Post-Soviet Russia

Appears in
Oxford Companion to Sugar and Sweets

By Darra Goldstein

Published 2015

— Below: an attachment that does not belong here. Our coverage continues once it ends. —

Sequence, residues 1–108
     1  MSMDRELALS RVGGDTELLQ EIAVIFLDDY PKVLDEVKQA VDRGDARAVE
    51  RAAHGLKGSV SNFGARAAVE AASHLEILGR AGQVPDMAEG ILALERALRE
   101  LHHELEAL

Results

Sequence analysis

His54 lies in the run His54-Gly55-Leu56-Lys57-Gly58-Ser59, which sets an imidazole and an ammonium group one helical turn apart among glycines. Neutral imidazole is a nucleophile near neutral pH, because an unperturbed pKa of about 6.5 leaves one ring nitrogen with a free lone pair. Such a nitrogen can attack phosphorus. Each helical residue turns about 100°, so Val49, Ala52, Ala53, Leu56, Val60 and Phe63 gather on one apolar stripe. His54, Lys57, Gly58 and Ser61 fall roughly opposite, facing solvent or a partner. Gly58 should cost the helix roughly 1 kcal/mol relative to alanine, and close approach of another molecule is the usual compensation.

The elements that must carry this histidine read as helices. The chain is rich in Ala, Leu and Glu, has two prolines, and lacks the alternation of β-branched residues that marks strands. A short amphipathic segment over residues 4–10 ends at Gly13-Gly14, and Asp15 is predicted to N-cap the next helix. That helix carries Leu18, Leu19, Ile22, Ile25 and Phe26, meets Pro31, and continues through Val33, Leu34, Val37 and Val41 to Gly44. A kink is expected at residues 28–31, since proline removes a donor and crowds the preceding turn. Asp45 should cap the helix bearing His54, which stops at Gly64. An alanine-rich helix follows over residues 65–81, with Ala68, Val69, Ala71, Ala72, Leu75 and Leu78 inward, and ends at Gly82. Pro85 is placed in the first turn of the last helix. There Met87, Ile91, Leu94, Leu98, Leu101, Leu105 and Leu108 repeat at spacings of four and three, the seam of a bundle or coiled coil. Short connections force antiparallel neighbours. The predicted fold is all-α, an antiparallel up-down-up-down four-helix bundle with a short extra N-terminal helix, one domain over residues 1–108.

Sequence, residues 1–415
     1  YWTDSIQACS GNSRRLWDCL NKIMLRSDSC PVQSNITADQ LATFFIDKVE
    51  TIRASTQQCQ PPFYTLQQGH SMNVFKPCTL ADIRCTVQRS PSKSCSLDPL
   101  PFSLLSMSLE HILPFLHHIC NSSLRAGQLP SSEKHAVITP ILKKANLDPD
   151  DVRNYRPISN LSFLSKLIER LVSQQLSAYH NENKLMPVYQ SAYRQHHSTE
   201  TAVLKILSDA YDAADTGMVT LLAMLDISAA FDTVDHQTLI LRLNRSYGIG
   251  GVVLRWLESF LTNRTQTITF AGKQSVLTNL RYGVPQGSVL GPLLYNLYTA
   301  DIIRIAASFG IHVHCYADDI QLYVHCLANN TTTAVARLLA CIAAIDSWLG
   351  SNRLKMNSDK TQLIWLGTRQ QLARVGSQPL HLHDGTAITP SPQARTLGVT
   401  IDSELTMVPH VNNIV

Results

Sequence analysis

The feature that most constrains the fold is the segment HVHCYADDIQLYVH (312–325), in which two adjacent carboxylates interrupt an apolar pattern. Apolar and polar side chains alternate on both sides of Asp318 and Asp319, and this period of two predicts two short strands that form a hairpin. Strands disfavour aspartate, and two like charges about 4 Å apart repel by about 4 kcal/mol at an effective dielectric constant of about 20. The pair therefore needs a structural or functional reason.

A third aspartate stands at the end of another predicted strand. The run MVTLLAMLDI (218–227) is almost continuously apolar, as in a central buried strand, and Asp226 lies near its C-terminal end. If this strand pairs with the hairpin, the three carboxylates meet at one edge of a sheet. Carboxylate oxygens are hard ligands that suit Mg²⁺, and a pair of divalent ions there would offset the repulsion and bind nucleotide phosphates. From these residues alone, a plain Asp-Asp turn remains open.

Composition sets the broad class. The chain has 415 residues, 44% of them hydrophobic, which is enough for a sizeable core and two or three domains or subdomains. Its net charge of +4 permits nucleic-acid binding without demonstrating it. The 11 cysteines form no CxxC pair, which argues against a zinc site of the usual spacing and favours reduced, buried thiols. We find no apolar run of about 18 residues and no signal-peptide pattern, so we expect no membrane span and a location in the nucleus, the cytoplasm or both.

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After the Soviet Union collapsed in 1991, the market was flooded with brightly packaged foreign brands, and Western fast-food chains appeared. Snickers candy bars were sold at kiosks alongside the suddenly old-fashioned-looking hard candies. McDonald’s brought milkshakes to Moscow in 1991 (although the Russians had enjoyed their own version for decades), and Dunkin’ Donuts arrived in 2010, displacing the city’s iconic outdoor doughnut stands. See dunkin’ donuts. But the past was not forgotten. When, in 2000, the Brooklyn-born chef Isaac Correa opened a popular fusion restaurant in Moscow, he called it The Hive. The restaurant’s signature was gorgeous honey presented in sake cups with tea. Harking back to a profligate past was the restaurateur Arkady Novikov’s dessert of “wild” strawberry soup, made from berries grown throughout the winter in greenhouses.